ALBUQUERQUE, N.M. (KRQE) – On April 8, 1972, thousands of spectators looked toward the clear blue sky as 13 hot air balloons launched from the Coronado Center in Albuquerque. Few knew that what began as a small assembly of pilots would one day grow to become the largest ballooning event in the world.
Now, the Albuquerque International Balloon Fiesta is the gathering site of hundreds of thousands of guests and more than 600 balloons each year. But what happened on that April day to make such a lasting impact?
The inaugural event was set in motion to celebrate the 50th anniversary of News Radio 770 KOB. During the “KOB Radio and Television International Balloon Festival & Rally,” the 13 original pilots inflated at the Coronado Center and took to the sky with gentle winds.
Dick Brown, a hot air balloon pilot, former Navy submariner, author, historian, editor, Balloon Fiesta Hall of Fame inductee, and Balloon Fiesta Heritage Committee member, is a man with numerous accomplishments under his belt. Brown was at the Coronado Center on the day of the first Albuquerque fiesta and played a pivotal role in documenting the event.
On that clear April day in 1972, Brown took his position on the east side of Coronado Center as a spectator and “unofficial photographer” for the launch. Although Brown was not officially hired to photograph that first fiesta, the moments he captured on camera have since made appearances in many publications over the years.
With between 10,000 and 20,000 buzzing spectators watching the takeoff of 13 hot air balloons, Brown stood among the crowd and documented what is now a momentous day for Albuquerque and the greater ballooning community as a whole.
Brown says it was evident on the first launch day that the ballooning event was an “instant success,” and he could not have been more correct. The first Albuquerque ballooning event was so successful that the following year, representatives from 13 countries came to the Duke City for the “First World Hot Air Balloon Championship.”
The Albuquerque ballooning events continued to grow and grow in size, reaching a peak of over 1,000 registered balloons in the year 2000. After a handful of moves, the Albuquerque International Balloon Fiesta got its permanent home at Balloon Fiesta Park.
As the ballooning event increased in both size and popularity, a few other factors changed as well. In 1975, the event was moved from February to October, where it has stayed, housing the annual nine-day event. The expansion of the fiesta also led to the addition of more unique events. In 1981, the first Gas Balloon Race was held, followed by the first Balloon Glow in 1987 and the first Special Shapes Rodeo in 1989.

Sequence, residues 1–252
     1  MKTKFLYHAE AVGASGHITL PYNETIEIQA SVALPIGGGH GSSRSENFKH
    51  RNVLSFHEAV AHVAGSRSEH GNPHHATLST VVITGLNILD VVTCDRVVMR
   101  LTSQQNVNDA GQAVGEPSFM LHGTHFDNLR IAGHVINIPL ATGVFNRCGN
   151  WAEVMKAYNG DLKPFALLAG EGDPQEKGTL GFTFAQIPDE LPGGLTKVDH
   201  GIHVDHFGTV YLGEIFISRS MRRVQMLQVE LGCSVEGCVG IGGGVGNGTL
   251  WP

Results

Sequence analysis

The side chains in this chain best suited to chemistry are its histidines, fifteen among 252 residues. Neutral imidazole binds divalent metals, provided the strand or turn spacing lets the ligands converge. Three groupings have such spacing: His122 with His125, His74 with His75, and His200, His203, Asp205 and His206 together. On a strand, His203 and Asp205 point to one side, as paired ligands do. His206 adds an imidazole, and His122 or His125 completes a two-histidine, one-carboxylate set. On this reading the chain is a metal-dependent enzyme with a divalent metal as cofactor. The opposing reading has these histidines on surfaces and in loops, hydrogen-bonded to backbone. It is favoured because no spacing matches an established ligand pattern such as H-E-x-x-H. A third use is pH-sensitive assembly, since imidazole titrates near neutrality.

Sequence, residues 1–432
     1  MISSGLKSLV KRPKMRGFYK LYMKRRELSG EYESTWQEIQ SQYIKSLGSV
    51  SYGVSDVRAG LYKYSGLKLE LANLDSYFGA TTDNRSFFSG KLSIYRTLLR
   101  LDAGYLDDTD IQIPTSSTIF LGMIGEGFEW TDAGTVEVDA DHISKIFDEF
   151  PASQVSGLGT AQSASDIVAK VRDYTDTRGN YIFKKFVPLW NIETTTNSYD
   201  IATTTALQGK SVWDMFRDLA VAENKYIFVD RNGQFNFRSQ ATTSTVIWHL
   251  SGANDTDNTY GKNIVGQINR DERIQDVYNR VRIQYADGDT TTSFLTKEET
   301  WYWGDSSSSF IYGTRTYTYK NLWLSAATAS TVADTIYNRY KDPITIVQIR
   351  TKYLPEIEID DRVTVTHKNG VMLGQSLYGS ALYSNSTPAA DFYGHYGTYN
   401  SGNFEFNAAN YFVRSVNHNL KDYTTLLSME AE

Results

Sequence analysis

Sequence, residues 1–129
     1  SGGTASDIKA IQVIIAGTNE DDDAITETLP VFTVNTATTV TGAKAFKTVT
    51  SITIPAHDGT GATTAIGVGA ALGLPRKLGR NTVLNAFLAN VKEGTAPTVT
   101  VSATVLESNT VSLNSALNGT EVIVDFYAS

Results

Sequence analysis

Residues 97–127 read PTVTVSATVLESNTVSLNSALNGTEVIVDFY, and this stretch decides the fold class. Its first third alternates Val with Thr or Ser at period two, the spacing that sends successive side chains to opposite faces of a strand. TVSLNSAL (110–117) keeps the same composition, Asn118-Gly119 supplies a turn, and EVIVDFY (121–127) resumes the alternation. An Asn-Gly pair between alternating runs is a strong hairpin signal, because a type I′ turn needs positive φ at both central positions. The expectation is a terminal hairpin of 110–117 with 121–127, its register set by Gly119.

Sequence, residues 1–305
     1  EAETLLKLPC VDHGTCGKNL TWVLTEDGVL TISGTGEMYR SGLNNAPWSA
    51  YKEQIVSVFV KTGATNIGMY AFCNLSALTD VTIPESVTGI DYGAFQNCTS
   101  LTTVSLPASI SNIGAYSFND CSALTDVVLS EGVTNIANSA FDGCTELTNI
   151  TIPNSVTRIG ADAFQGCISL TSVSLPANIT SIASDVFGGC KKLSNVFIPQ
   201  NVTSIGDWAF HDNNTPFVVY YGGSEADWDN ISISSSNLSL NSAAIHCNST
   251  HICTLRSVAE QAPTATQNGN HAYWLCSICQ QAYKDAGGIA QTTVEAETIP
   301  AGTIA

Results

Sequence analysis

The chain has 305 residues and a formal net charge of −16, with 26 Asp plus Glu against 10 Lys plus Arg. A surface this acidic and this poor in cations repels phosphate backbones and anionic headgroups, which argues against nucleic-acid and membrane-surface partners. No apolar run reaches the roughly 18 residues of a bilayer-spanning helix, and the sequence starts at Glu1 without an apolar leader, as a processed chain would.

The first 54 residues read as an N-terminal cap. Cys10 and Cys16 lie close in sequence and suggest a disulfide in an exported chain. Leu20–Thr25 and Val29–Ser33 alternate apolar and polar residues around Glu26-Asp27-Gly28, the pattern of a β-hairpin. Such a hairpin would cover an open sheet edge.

The 1972 inaugural event did not just change Albuquerque but also substantially influenced the life of Brown. The former Navy submariner just could not seem to keep his feet on the ground. Going from the deep sea to a gondola in the sky, Brown’s love of ballooning was sparked on that April day.
Brown joined Sid Cutter’s local balloon club, the Albuquerque Aeronaut Ascension Association, also known as “Quad A.” After getting trained and buying his first balloon, Brown traveled to France, Belgium, Germany, and New Zealand – all for ballooning events – and spent “every weekend and vacation” of the 1970s up in the sky.
The pilot went on to become the editor of the Quad A newsletter, then the editor of the Balloon Federation of America’s Ballooning Journal, and eventually co-authored five ballooning books. After volunteering at the Albuquerque International Balloon Fiesta for decades, Brown was awarded the world’s highest ballooning honor, the Diplome Montgolfier.
Brown’s publications, including “The World Comes to Albuquerque,” “Albuquerque International Balloon Fiesta,” and “50 Years of Magic,” have made a lasting impact on balloonists worldwide. Brown now holds a place as a member of the Balloon Fiesta Heritage Committee and has been inducted into the Balloon Fiesta Hall of Fame.
Brown is one great example of how the Albuquerque ballooning community has had a massive impact on the lives of many. Pilots still come from all over the world to attend Albuquerque’s nine-day fiesta, and the event won’t be leaving the Duke City anytime soon. So look outside on a crisp October day, and you, as well, may be impacted by the art in the sky.
Background information courtesy of Dick Brown and the Albuquerque International Balloon Fiesta